I willingly pass over, as out of the question, a certain proportion of men whose tastes have become so thoroughly vitiated that they prefer vice to virtue ; who appear to have said, “Evil, be thou my good.” Let us also assume another large portion of fools who become dissipated just as they adopt all-round collars and peg-tops, because it is the fashion ;
who sin merely from the force of imitation, as they smoke and drink, not because they like it, but because it is too great an effort to reflect.
There still remains a vast number of men for whose errors it will be difficult to account on the ordinary pleas of youthful indiscretion, and other vague general excuses ; men of delicate sensibilities and superior abilities, carefully cultivated and refined by education. We must go deeper into the question if we would discover why men like these are too often found the most frantic votaries and most signal victims of dissipation.
What should we think of the proprietor who not only affixed no warning against trespassers, but left the gates wide open, in addition to gaps in the hedge and holes in the wall, thus inviting the way. farer to enter his tempting pleasure-grounds? Would such a man be justified in making use of traps and spring-guns ? Yet this is the conduct of society with respect to young men.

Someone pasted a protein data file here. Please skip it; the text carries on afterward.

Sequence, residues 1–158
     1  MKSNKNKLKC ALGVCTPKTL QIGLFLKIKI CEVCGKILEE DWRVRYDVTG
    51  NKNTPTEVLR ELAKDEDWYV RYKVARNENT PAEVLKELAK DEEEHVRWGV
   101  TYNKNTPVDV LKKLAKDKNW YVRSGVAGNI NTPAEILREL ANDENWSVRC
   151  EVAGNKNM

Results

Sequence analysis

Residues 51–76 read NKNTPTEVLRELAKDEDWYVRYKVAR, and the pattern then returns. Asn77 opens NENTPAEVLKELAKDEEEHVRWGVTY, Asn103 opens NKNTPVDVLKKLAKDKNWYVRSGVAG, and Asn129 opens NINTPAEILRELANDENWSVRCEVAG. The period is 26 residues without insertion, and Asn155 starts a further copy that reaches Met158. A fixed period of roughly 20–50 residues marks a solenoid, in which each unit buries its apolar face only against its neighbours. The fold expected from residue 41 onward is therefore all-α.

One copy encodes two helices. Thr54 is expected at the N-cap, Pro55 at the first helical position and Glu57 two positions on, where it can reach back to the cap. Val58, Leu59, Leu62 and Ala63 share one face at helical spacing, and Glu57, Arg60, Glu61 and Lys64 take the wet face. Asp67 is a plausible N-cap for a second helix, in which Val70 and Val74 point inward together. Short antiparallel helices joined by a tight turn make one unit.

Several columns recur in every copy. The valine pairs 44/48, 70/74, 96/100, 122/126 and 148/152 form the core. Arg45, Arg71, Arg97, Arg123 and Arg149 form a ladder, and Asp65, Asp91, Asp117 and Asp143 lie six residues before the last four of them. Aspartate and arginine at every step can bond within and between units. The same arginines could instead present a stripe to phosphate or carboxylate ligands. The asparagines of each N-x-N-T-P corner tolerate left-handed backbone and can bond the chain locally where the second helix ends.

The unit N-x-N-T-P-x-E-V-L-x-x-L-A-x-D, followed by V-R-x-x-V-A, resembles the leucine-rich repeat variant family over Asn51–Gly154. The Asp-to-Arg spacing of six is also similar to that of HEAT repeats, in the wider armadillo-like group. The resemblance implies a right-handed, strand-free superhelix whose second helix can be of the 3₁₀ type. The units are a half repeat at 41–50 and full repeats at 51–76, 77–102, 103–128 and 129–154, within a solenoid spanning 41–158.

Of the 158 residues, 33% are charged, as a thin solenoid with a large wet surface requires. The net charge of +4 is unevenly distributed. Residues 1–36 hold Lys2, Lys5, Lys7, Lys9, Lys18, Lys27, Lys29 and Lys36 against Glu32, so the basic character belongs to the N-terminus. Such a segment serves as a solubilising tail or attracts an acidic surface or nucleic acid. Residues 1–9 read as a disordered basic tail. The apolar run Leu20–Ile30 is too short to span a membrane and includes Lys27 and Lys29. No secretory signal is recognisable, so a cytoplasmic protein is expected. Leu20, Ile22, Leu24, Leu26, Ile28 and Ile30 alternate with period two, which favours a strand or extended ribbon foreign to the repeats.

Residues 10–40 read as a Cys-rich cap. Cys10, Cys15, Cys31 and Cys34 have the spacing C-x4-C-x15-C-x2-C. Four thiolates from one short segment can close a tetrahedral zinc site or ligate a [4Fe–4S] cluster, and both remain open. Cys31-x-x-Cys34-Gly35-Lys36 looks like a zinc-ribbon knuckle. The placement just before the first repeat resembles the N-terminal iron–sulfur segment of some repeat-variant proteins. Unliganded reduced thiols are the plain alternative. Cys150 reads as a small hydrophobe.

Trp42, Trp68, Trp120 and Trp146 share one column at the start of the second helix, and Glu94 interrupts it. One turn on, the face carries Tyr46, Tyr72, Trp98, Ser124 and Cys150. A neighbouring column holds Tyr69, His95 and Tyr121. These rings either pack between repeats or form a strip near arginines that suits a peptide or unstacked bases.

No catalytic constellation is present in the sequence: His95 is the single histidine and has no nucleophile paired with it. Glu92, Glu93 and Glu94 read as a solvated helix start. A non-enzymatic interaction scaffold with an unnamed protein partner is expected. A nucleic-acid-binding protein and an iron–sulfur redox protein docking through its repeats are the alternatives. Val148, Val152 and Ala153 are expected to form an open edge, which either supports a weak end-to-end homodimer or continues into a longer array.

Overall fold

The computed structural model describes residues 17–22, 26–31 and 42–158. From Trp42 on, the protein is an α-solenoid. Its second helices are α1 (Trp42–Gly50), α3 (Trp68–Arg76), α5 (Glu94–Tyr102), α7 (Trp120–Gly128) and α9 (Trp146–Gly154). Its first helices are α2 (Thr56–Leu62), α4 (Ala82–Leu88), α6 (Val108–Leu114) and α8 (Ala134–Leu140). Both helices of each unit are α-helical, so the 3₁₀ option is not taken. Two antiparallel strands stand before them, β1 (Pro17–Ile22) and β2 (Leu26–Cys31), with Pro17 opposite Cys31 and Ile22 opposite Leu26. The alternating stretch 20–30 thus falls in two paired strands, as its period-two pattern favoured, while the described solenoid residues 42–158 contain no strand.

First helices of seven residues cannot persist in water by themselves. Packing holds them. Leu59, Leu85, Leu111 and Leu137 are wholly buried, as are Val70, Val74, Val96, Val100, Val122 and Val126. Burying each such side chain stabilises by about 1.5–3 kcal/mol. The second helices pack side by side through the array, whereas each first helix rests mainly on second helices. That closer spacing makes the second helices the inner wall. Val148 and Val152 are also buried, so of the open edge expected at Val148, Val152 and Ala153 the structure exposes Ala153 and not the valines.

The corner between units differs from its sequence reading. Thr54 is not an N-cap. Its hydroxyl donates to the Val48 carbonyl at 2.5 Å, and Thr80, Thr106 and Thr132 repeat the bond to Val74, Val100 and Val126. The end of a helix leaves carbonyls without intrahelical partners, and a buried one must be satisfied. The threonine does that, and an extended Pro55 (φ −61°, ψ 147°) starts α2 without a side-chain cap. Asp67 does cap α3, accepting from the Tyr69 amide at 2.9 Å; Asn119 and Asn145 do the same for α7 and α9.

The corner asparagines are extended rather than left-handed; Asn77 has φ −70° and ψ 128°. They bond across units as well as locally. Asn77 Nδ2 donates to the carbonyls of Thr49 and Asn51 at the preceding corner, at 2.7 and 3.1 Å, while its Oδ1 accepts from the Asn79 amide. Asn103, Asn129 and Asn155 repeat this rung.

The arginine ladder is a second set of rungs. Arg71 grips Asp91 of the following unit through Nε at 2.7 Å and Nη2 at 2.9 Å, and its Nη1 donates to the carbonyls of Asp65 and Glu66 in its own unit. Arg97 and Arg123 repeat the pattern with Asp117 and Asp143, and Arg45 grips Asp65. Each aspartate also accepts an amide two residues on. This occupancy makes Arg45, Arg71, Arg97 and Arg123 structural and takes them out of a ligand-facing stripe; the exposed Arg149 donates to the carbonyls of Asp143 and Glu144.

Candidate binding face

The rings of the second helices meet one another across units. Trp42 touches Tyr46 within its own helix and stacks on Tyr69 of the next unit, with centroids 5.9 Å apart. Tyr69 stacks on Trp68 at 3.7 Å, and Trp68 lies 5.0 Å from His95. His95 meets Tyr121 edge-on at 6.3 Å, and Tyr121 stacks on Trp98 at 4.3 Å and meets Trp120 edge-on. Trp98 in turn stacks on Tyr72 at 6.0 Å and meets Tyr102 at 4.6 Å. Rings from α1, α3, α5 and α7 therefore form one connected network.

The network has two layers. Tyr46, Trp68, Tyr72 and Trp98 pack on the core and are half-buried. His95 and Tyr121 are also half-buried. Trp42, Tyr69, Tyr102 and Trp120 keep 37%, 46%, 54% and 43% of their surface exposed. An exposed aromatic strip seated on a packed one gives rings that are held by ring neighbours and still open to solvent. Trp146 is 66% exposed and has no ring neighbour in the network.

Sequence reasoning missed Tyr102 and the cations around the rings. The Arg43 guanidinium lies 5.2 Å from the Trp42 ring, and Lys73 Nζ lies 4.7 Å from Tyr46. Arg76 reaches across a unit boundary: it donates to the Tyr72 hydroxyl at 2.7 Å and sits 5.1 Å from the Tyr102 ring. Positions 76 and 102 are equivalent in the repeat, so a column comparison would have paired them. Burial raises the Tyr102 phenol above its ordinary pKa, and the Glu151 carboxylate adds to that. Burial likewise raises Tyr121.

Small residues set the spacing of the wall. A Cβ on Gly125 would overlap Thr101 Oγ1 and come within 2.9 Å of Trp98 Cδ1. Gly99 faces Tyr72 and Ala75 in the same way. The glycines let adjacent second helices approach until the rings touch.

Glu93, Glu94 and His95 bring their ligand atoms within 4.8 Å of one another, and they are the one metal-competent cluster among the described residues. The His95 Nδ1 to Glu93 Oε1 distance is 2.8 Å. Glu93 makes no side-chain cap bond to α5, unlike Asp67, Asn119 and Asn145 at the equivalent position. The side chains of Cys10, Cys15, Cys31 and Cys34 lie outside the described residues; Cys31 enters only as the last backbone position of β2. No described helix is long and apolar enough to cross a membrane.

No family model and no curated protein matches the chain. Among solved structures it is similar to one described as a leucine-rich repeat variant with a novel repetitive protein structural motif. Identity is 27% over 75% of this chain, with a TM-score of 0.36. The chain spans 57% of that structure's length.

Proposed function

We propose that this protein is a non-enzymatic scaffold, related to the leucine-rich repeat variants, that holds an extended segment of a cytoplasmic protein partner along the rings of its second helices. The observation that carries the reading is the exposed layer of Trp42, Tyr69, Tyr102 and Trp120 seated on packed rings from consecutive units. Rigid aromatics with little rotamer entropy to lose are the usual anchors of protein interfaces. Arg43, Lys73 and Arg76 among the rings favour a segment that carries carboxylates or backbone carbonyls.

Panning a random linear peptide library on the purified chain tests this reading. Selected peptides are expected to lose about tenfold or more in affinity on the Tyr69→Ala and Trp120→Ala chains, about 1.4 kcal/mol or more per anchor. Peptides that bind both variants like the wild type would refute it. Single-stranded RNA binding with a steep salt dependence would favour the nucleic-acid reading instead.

We thrust them forth to encounter all the contaminations and temptations of the world. Prudery winks and shuts her eyes
to the dangers that surround them; Religion and Virtue turn away from the bare mention of certain things. But all at once, when the poor sinner has overstepped certain conventional limits, Respectability and Decorum demand a scapegoat; that is to say, some one who has been 66
found out” must be disgraced, while hundreds go on sowing their wild oats with impunity.
As society at present exists, the young man who dares to remain pure must either cut himself off entirely from intercourse with others of his own age, or must possess a moral courage which not one in a thousand, I venture to think, does possess, to render him proof against that most irresistible of all weapons, ridicule—that most terrible of all punishments, so powerfully typified by Sir Bulwer Lytton, by 66 the Dweller on the Threshold" in Zanoni-fear of the world; for every man's world is made up of the circle of his companions and associates.
The modern Joseph would be assailed by continued insults, innuendoes, jeers, and taunts, levelled against him, as “a spoon,” “a muff," "a slow coach ;" a whole host of terms of reproach expressive of a deficiency in manly sentiments: and this, not merely from foolish young men, but from many who are old enough to know better, and especially from a quarter whence every shaft rankles in the heart of a sensitive man-from women.
I would not be mistaken here. I do not for ,a moment imagine that respectable women like a man better on account of laxity of morals ; but, unfortunately, women, in their ignorance of the world,